Between 18-36 months, children expand their language skills by learning to make plans and understand others language and their ideas. Toddlers are continuously engaged in physical activities that are novel and complex like running, jumping, hopping etc. They enjoy games which involves imitation, movements and hand gestures. Furthermore, they start involving themselves in narration of events, experiences and emotions. Parents can help children learn both language and attention, regulation, planning, organization and judgement skills through physical mazes, following the command games, imaginary role playing and sorting and classifying objects to increase and build their cognitive flexibility. During this age, specialists focus on teaching naming, classification, and sorting skills to children with ASD.

Children in the age group of 3-5 years develop an array of physical and cognitive skills in a manner that is unique to each child and requires different levels of support. During this age, children learn to plan and execute imaginary situations (e.g. teacher-student roles). They make coherent plans ranging in complexity and act these plans out. Moreover, they make up imaginary stories and characters and talk about them. They start playing physical games with rules of increasing complexity. Apart from these activities, children also enjoy complex puzzles, higher level sorting games, and participating in household chores. It is important to teach children with autism language comprehension and expressive skills, working memory, planning, and self-regulation skills to facilitate them to explore creative play, imitation games and group play with peers.

When children cross 5 years of age and are between 5-7 years, they find games with rules challenging and appealing. Physical games that involve fast movement, rhythmic body movements and sport games with rules appeal to them. Furthermore, they start turn taking effectively, participate in group games better, enjoy complex puzzles, problem solving games, guessing games, and games that improve cognitive flexibility (thinking flexibly). Children with autism require adequate language repertoire to build and enhance these skills and hence the focus should be directed to improve their cognitive flexibility, problem solving, self-regulation, and language skills.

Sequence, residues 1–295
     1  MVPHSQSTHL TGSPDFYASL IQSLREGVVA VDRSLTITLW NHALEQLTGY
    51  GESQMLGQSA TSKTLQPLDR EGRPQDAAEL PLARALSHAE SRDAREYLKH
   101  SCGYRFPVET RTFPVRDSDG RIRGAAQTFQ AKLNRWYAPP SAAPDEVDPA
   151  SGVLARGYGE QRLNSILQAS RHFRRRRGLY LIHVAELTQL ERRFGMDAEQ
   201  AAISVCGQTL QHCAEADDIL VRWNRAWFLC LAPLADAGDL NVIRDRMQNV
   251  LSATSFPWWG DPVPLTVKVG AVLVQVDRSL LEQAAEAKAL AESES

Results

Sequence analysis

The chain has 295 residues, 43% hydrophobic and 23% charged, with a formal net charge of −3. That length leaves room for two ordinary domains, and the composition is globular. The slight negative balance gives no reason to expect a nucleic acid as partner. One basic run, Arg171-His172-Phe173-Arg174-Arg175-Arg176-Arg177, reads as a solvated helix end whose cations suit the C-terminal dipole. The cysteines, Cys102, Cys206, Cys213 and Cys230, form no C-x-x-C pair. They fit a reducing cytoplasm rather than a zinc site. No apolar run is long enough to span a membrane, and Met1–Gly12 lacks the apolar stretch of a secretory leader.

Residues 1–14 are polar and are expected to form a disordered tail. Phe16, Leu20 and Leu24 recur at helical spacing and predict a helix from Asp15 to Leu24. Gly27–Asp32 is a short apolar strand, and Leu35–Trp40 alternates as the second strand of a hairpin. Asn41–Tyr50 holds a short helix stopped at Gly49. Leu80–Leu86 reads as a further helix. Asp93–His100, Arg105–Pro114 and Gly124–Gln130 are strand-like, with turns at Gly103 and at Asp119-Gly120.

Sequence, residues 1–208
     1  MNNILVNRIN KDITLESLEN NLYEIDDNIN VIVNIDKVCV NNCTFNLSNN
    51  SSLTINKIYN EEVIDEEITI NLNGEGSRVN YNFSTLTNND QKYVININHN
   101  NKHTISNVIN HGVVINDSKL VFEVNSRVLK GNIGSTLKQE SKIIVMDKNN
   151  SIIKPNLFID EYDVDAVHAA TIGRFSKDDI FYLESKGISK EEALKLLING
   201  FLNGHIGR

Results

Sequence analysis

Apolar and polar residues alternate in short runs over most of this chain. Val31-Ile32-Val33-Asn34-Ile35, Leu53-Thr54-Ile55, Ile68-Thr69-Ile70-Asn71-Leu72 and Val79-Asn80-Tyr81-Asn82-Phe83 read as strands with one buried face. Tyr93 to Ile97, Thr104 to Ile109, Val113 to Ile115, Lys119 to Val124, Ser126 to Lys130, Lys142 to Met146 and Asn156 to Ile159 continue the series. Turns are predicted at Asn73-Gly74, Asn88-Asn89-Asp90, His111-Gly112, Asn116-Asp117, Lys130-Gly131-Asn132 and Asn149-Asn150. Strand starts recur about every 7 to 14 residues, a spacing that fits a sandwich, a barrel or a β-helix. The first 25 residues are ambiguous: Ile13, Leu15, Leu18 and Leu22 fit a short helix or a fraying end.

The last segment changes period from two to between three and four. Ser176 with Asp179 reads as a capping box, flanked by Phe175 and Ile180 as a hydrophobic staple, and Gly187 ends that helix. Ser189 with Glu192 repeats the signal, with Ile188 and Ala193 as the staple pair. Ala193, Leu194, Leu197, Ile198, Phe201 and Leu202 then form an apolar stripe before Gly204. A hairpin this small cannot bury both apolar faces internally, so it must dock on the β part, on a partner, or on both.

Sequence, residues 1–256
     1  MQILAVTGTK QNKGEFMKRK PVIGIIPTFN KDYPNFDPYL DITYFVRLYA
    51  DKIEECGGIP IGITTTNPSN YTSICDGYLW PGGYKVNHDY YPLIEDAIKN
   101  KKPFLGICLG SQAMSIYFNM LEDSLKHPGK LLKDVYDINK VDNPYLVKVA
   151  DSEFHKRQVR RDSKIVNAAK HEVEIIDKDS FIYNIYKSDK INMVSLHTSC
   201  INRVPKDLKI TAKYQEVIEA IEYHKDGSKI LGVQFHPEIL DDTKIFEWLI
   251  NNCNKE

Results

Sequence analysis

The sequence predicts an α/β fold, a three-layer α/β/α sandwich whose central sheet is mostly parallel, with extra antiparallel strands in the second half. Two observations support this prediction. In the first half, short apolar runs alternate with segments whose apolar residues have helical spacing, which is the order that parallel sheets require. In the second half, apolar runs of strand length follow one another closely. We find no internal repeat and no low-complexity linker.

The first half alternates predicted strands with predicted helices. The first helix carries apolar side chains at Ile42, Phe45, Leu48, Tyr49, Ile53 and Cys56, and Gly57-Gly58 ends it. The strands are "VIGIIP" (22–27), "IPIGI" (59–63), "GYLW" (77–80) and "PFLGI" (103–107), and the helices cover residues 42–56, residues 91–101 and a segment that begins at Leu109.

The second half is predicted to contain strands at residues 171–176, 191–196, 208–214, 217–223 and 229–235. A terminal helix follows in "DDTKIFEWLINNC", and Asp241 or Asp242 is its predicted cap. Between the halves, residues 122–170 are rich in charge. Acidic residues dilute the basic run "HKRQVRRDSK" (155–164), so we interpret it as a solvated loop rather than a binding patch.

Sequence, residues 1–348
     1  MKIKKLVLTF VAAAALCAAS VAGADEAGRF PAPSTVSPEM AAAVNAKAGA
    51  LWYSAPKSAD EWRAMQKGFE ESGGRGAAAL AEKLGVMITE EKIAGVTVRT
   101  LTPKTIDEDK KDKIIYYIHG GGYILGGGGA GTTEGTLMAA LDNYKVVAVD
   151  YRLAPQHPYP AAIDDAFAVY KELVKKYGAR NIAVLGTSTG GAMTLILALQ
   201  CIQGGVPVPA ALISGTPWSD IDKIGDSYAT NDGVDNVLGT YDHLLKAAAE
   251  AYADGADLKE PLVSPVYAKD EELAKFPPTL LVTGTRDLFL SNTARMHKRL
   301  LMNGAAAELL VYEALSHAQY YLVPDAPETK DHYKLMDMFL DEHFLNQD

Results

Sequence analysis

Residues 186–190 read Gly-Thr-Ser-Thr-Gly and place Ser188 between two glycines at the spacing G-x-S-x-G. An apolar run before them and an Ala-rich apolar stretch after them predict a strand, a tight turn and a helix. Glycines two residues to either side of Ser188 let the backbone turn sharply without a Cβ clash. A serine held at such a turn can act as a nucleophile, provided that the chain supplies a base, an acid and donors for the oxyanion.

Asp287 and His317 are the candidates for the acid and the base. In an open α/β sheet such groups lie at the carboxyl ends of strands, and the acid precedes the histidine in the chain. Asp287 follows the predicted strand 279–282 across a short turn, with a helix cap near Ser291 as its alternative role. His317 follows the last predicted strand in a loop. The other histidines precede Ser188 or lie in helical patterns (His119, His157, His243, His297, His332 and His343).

Children between the ages of 7-12 are involved in building and improving complex concepts and for that same reason like to engage themselves in games that require strategy like card games, quick decision making games, games that require planning ahead like sudoku, crossword, and games that require logical thinking and reasoning. By this age, children are involved in sports and games that require constant monitoring and improvisation like paintball. Furthermore, children at this age also learn to dance a particular dance style, playing musical instruments, and sing. Children with autism might need support to improve their quick thinking and logical reasoning skills at this age.

Teenagers and adolescents are required in various settings to act as adults and therefore must plan ahead, monitor, improvise, and regulate themselves. While their independence in performing these tasks effectively depends on their self-regulation and cognitive skills, they still need to learn to think rationally and deduce their solutions by weighing both pros and cons and making logical decisions. Learning to control money and learning to drive require continuous monitoring and self-regulation. Settings goals at this stage can really help, including writing personal journals and reflecting on various issues. For adolescents with autism, judgement, reasoning and self-regulation skills are crucial and they need to be the focus of the parent or the specialist.

Having a comprehensive understanding of executive functions facilitates parents and caregivers ability to build better situations to help children with autism function independently with the optimal quality of life.

About the Author

kavitha_murthi_headshotKavita Murthi, OTR, FHEA, MSc (OT) is a Board certified Occupational Therapist originally from India. After completing her undergraduate studies she moved to the UK to pursue her Masters in Occupational Therapy from Scotland. She received the title of “Fellow” from the Higher Education Academy, UK for her contributions towards education. Moving back to Mumbai, India, Kavita worked worked extensively with children with developmental challenges in an outpatient community setting. Here, she worked with children with various developmental challenges and helped provide therapeutic interventions using evidence based strategies. Kavita recently moved to Boston after getting married and is enjoying her time travelling, writing and volunteering.


Related Posts

Stay Informed. Sign up for updates

  • This field is for validation purposes and should be left unchanged.
Donate to OAR